If you think you haven't heard of Proof, think again. From its University of Chicago ties to its classic sister pairing to a band of math geeks who rock out, there's bound to be a point or two that constitutes as familiar territory. The famed play gets glamorized in autumnal, 2000s glory. Love or hate her, Gwyneth Paltrow brings a performance that I'm more fond than resentful of. In modern settings, she seems to bring similar performances, but here her stoic and unwavering stance proves useful here. Jake Gyllenhaal as always proves the charmer and no matter how many sweaters or glasses you throw on him, it's impossible to believe he's an expert mathematician. Hope Davis proves a great foil in the overstepping, all knowing authority figure and Anthony Hopkins makes for a brilliant, but ailing man. A timely film that cements how easy it is to preserve a man's legacy as a genius, but a young woman's notoriety is immediately brought under scrutiny.
The Great Leap is another slam dunk for playwright Lauren Yee. Having rocked out to Cambodian Rock Band earlier this year, she brings another tale this time off the stage and on the court. While in a vastly different setting, her themes remain. Parents who feel they know what's best for their children, but have a hard time showing affection. Children who feel they know their parents, but upon a revealed secret are proved
wrong. And dialogue that pokes fun at American sensibilities, Asian American representation, and how theatre regresses with both. This of Yee's plays feels the most compact and sharp, plot and text wise. There's no fat here or anything that needs to be trimmed. Every moment adds up to that final countdown and your eyes are glued the entire time.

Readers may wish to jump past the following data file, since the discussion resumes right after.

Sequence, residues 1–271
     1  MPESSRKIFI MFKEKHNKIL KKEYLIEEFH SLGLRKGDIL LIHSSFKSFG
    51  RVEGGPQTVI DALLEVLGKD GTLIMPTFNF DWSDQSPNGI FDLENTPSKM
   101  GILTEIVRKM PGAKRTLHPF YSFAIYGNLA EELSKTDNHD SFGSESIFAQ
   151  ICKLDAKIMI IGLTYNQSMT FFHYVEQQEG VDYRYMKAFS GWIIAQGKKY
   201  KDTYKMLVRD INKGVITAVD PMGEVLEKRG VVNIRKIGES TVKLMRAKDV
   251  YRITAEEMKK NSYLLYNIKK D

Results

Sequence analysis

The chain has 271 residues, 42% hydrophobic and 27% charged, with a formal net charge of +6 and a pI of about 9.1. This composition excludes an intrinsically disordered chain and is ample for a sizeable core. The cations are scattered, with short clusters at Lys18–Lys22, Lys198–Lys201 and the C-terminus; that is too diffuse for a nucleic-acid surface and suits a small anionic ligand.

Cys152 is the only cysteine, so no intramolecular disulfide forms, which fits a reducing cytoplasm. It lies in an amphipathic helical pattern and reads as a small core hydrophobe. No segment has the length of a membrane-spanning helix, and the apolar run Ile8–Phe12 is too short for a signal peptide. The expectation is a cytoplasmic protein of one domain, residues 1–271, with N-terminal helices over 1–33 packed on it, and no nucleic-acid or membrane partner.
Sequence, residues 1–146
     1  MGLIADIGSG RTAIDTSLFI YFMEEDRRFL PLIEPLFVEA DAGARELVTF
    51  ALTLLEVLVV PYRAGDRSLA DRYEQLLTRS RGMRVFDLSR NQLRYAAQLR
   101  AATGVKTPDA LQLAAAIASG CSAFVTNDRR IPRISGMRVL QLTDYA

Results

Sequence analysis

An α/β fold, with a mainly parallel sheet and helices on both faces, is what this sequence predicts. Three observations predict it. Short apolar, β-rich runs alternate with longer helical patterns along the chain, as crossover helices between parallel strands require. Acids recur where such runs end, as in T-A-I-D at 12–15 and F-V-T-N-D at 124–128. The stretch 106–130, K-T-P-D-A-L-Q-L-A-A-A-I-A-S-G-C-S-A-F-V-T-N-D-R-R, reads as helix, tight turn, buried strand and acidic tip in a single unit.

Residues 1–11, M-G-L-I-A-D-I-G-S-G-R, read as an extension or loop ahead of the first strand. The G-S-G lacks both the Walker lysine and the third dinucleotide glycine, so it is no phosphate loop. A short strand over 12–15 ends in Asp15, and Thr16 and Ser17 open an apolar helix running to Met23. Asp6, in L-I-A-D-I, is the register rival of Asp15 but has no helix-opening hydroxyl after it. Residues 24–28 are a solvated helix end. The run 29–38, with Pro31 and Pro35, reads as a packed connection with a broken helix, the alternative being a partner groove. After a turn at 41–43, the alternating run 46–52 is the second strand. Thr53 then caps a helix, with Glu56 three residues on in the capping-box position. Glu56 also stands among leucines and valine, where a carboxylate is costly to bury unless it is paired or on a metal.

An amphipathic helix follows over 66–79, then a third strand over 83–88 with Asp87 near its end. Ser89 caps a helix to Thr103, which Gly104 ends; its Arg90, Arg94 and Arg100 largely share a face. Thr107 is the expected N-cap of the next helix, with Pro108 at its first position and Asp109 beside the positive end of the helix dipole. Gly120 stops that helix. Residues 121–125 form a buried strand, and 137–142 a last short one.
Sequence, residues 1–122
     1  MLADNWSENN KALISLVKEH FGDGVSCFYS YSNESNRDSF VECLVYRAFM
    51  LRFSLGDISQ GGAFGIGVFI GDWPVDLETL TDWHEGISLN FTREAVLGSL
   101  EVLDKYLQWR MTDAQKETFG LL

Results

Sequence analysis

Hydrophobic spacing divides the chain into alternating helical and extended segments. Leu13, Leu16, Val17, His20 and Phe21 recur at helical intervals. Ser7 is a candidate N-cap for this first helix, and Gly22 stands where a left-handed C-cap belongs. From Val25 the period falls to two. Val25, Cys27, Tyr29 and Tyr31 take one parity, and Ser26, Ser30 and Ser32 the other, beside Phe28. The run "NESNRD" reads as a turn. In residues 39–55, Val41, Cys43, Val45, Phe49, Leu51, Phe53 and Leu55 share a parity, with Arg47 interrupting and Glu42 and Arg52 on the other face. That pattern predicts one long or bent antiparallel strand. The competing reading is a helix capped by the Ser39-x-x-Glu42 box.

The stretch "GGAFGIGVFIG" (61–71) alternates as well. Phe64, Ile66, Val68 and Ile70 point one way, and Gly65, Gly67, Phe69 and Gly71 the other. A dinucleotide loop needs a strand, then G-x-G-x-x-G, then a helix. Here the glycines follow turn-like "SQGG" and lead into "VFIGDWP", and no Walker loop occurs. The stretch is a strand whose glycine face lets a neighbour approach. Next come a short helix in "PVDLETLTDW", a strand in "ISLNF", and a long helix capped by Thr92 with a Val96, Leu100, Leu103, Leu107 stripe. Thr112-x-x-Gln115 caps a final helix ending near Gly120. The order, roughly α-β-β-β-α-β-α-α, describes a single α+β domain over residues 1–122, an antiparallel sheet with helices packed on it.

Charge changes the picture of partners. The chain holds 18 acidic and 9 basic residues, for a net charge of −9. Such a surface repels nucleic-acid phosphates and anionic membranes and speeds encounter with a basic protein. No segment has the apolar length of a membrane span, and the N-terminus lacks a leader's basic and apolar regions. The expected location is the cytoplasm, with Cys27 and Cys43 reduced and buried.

Self-motivation can come from the most expected of places. Post-it notes of encouragement, breaks, or snacks are all acceptable ways to give that little boost when you need it most. In times of feeling overwhelmed or scattered, those little victories go a long way to get you to stay motivated. Sometimes the most obvious way to kick back or incite some relief is the one right in front of you.
Atlanta is one of the most creative shows on television right now. How does Donald Glover do it all? Comedy, film, television, music, he must have a time turner on him I swear. To cover all these modes of entertainment and well is impressive. With Atlanta, there's a constant element of not knowing what you'll see next. Some episodes focus on its central characters while others for the sake of the show being entertaining focus on the side players. It's both exciting and mesmerizing of when Glover doesn't even show up and it really allows the talents of his cast to take center stage. When you can trust your collaborators to show up and bring it to the table, it speaks volumes to the strength of this ensemble. I literally can't wait to see how this show evolves in future seasons.
Monsters aren't born, but made. Find out how in this interview with director/deviser Denise Yvette Serna. Serna discusses how the story of Medusa is a modern example of examining the grotesque, femininity and the godlike blow of the damn patriarchy.